The night was made miserable by a violent north-east gale which nearly blew my tent down and left us all half-benumbed at the start next morning for the tramp which was to bring us at last to the ruins of ` Lou-lan '.
The hardships to which my labourers from Charkhlik were exposed and their consequent weariness rendered it a matter of serious concern for me that we should reach the eastern group of ruins, the main site for the proposed excavations, that day, December 17. I estimated the direct distance still separating us from it at only about eight miles to the north-east, if the position of Camp 123 on our plane-table and that indicated for the ruined site in Dr. Hedin's map were right. But I had not been able to sight any of the ` towers ' which his description mentioned and which, I hoped, might serve us as landmarks. So I considered it safest to continue steering the due northern course which we had followed so far and which, I hoped, would allow us to strike the far-stretched line of ruins somewhere near its centre. The strain of anxious expectancy was lightened for me when, after marching for about three and a half miles over Yârdangs and low dunes, we picked up three Wu-chu coins of the Han type in quick succession. They were a definite proof that we were approaching a site of the historical period. About seven miles from our start we came upon a broad and well-marked bed fringed by rows of dead Toghraks and decayed tamarisk-cones and running west to east with a slight north-easterly bend. Mullah, with his sure topographical memory, at once recognized it as the ancient river-course he had seen in 1901, south of the ruins visited with Dr. Hedin.
Beyond the riverine belt the eye ranged wider across the flat expanse of wind-eroded clay barrenness, with the outermost low range of the Kuruk-tâgh fully in view. The men now pushed on eagerly in the hope of earning the reward in silver which I had promised for the ruin first sighted. We had only gone a mile from the dry river-bed when one of them ahead, having climbed the top of a plateau-like )(di-clang, shouted that he could see a ` P`ao-t'ai '. My glasses showed that the tiny knob, rising far away on the horizon eastwards, was really a ruined mound, manifestly that of a Stûpa. So the course was promptly changed, and the direction now favouring our progress along the Yârdang ridges, the five miles separating us from the mound were covered in two hours. It proved, as expected, the ruin of a Stupa built of sun-dried bricks (see Fig. 97), and was the same near which Dr. Hedin had first camped on his return in 1901. Chinese coins of the Wu-chu and uninscribed types were picked up in numbers around it, and finds of bronze arrow-heads and of other small objects in metal had by now become frequent.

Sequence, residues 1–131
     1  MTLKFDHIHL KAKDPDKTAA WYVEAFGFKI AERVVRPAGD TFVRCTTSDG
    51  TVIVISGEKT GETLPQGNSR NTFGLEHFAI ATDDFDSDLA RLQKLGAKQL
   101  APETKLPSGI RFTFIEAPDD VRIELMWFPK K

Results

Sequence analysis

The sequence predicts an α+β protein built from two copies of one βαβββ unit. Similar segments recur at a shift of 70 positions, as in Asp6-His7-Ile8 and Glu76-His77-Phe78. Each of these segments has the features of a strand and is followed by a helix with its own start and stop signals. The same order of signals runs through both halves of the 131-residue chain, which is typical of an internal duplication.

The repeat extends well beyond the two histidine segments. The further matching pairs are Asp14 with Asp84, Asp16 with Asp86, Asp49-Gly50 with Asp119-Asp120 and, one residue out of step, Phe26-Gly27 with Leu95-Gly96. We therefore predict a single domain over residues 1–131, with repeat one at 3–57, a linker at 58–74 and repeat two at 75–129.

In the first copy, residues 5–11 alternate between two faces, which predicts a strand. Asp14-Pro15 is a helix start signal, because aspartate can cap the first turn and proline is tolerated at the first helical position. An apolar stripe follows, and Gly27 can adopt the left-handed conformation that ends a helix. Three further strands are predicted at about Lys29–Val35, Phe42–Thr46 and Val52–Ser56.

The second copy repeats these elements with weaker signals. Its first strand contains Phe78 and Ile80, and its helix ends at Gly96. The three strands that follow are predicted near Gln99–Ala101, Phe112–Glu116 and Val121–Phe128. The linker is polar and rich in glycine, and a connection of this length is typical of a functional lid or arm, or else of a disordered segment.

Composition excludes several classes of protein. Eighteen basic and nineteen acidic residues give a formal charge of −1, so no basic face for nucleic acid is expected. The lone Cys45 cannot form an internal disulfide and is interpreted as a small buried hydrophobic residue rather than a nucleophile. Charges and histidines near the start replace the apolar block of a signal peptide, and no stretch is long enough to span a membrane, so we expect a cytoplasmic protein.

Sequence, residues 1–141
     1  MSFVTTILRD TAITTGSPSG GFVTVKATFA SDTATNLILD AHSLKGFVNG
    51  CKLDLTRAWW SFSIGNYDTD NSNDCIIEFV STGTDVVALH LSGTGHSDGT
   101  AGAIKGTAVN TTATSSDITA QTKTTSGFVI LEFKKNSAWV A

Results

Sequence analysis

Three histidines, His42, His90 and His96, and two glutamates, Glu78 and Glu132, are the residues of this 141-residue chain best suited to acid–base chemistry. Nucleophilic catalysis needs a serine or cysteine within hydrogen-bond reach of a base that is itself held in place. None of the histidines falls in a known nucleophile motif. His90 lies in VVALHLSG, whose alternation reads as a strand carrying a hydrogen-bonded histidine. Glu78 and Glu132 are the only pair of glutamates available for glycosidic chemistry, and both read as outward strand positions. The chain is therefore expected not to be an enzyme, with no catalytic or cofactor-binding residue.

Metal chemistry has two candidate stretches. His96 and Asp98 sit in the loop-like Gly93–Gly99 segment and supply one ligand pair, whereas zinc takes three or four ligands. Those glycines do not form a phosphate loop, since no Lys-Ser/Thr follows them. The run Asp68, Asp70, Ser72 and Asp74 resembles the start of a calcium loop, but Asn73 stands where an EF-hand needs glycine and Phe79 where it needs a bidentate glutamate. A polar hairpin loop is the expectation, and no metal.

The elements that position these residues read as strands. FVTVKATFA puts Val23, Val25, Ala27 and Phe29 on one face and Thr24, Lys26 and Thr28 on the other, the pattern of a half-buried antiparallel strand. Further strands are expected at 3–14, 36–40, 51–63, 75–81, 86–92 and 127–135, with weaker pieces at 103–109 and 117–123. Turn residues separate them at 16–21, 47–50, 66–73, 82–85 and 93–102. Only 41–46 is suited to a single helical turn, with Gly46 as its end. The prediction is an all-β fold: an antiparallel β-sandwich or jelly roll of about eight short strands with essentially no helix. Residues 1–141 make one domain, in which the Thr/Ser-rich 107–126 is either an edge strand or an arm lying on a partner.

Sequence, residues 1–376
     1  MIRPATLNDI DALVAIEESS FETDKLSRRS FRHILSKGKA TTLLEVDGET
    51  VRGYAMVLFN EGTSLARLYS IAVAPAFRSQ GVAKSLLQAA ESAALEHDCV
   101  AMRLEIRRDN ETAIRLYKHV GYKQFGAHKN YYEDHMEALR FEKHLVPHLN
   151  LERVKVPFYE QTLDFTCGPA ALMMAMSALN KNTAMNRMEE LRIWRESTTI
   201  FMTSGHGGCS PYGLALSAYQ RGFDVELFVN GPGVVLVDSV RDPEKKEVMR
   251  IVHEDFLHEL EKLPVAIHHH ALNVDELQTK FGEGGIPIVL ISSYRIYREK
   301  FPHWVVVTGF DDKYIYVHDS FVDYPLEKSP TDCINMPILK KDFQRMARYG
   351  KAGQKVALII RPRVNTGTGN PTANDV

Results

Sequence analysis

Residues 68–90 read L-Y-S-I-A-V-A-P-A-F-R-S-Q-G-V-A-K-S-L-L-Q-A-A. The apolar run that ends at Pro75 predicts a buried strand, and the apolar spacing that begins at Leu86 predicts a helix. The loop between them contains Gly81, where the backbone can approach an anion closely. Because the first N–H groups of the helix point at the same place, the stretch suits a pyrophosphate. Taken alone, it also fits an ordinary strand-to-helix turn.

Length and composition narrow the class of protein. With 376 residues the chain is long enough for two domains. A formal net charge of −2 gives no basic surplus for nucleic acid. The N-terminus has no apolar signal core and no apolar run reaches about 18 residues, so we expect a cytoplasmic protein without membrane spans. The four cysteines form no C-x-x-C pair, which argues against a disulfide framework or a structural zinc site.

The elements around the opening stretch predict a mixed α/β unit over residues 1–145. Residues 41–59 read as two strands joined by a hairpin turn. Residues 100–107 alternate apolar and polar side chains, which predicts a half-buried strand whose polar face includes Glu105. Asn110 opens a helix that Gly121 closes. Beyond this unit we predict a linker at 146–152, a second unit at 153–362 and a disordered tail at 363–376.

From this point three more mounds were in view, and among them Mullah without hesitation recognized the largest, which lay to the south-east, as marking the main group of ruins. The three miles' march to it led over frightfully eroded ground, and the succession of precipitous clay ridges and sharply-cut trenches between them, down to twenty feet and more in depth, had to be crossed at right angles. Darkness came on just as I reached the foot of the ruined Stûpa which stands out in this weirdly desolate expanse as the landmark of the ruined station of ` Lou-lan '. It was two hours before the convoy of our much-tried camels safely joined us. But as I sat by the big bonfire we had lit to guide them, the fatigues and anxieties of the trying desert march were forgotten, and only elation. at having safely reached the goal in good time remained. I felt grateful, too, for Dr. Hedin's excellent mapping, which, notwithstanding the difference of our route lines and the total absence of guiding features, had enabled me to strike the ruins without a day's loss. When subsequently the results of our own plane-table survey for these parts, checked by astronomical observations and triangulation as far as the mountains south-west of Charchan, came to be computed, I was much gratified to find that Dr. Hedin's position for the site l' differs from ours (see Map
" Cf. Central Asia, vol. iii. Pl. 51.